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to see how Maastricht differed from Bloomington, Indiana, or how they might be alikeand why those differences or similarities might matter for the thinking I was doing. As a sociologist, it was easy for me to start demographically: how many people lived in each place, and how are the two populations differentiated by age, race, gender, occupation, SES, religion, ethnicity? I could just as easily put into words historical tidbits about them: the treaty to create a European Union was signed at Maastricht in 1992, Hoagy Carmicheal composed Stardust at the Book Nook on Bloomingtons Indiana Avenue in 1929. And it was no sweat to theorize Maastricht and Bloomington as instances of global capitalism or urban sprawl or liberal democratic regimes or town-gown relations. Still, neither numbers nor words nor abstract concepts seemed sufcient to capture the sociologically signicant characteristics of Maastricht and Bloomington as places. Maybe a place-sensitive sociology is not a set of empirical ndings at all or even a distinctive kind of explanatory model, but rather a way to do sociology in a different keya visual key.

I walked down this street in Maastricht a dozen times and forced myself to wonder how I knew that I was not back in Bloomington. Surely I could measure the width of the lane between buildings (noting that no street in Indiana is that narrow), or tell a story about the absence of front lawns, or theorize medieval vs. twentieth-century architectural styles. But so much is lost in this translation of street scene to measurement or narration or abstraction. What I lacked were tools to analyze place in its given two and three dimensions. I am a victim, perhaps, of trained incompetence in a discipline that cultivates statistics and words as means to grasp the social. Sociologists could become more adept with maps, oor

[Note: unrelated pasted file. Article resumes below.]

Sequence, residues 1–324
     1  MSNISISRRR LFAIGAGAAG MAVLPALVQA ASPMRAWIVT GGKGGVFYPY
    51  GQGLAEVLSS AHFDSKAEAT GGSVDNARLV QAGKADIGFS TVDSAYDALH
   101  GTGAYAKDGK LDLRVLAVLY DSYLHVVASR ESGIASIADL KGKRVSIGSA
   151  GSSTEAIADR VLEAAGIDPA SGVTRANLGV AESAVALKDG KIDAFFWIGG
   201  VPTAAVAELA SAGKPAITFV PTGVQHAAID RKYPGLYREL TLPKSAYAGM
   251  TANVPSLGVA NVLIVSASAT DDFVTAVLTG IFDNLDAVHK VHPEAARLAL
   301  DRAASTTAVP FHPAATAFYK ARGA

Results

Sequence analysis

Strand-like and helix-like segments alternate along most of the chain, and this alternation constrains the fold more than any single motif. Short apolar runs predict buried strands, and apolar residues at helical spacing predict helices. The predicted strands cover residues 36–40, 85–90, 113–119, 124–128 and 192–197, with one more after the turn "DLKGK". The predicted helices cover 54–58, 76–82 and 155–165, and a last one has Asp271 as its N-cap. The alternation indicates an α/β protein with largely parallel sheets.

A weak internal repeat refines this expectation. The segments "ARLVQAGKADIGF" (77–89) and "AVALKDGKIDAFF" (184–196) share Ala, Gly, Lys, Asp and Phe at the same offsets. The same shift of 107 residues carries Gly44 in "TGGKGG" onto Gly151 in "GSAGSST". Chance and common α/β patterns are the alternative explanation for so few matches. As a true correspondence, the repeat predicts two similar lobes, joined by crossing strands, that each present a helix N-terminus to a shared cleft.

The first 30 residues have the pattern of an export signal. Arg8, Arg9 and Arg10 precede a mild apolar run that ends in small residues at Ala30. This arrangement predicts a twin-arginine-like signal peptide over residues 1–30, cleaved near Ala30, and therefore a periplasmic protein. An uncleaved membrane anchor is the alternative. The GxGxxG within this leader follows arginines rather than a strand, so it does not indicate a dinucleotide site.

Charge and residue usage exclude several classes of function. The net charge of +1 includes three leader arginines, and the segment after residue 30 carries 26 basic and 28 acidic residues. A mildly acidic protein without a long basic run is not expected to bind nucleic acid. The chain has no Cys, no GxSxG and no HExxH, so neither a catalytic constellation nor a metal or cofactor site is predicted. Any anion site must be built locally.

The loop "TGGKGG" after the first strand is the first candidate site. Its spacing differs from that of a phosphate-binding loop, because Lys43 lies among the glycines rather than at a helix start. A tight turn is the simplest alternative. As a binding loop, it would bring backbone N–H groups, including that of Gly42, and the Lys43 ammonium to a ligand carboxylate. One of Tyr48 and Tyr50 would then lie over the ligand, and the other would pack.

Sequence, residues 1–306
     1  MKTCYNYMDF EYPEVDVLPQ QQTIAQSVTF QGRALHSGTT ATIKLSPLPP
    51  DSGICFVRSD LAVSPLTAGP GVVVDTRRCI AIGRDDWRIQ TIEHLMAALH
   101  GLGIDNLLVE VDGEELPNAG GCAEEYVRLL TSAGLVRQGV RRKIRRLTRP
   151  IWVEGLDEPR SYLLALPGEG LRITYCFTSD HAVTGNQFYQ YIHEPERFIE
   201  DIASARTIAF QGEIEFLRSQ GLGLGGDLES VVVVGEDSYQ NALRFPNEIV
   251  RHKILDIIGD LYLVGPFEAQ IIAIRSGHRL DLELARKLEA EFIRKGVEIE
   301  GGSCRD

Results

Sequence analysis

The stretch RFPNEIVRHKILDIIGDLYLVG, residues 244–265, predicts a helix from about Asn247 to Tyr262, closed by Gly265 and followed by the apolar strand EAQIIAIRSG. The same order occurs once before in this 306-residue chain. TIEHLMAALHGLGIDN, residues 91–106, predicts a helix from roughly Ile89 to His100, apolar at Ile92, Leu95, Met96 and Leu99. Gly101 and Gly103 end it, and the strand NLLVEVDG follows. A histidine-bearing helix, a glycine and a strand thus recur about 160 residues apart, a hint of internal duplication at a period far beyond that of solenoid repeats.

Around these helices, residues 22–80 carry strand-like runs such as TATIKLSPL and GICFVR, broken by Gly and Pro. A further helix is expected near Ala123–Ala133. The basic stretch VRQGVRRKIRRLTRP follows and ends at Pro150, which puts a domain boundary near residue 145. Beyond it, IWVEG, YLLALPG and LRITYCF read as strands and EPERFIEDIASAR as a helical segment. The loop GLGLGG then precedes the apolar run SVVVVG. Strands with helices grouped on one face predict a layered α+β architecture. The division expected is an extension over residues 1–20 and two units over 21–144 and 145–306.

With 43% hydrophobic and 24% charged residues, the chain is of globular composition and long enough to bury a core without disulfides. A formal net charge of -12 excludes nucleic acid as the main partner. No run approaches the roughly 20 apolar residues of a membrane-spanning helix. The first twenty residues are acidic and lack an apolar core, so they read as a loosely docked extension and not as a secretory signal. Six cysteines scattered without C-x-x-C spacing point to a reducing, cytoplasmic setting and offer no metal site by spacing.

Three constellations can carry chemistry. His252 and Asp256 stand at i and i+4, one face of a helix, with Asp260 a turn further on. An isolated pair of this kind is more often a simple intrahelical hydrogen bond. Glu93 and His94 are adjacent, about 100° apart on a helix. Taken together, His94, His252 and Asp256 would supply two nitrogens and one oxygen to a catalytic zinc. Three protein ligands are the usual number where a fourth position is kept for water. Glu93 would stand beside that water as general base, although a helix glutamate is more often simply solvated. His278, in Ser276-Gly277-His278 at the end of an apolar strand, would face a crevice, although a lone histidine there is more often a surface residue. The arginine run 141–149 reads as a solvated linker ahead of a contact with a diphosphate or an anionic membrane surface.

Figure 1 Street in Maastricht.



plans, photographic images, bricks and mortar, landscapes and cityscapes, so that interpreting a street or forest becomes as routine and as informative as computing a chi-square. That visualizing (I think) is the next step. ACKNOWLEDGMENTS

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For helpful readings of earlier drafts, I thank Clem Brooks, Laurel Cornell, Roger Friedland, Mark Gottdeiner, Eric Graig, Christopher Henke, Steven K. Herbert, Jason Jimerson, Magali Sarfatti Larson, John R. Logan, Harvey Molotch, Martin Murray, Susan H. Roschke, Saskia Sassen, Sheldon Stryker, Indermohan Virk and Sharon Zukin. LITERATURE CITED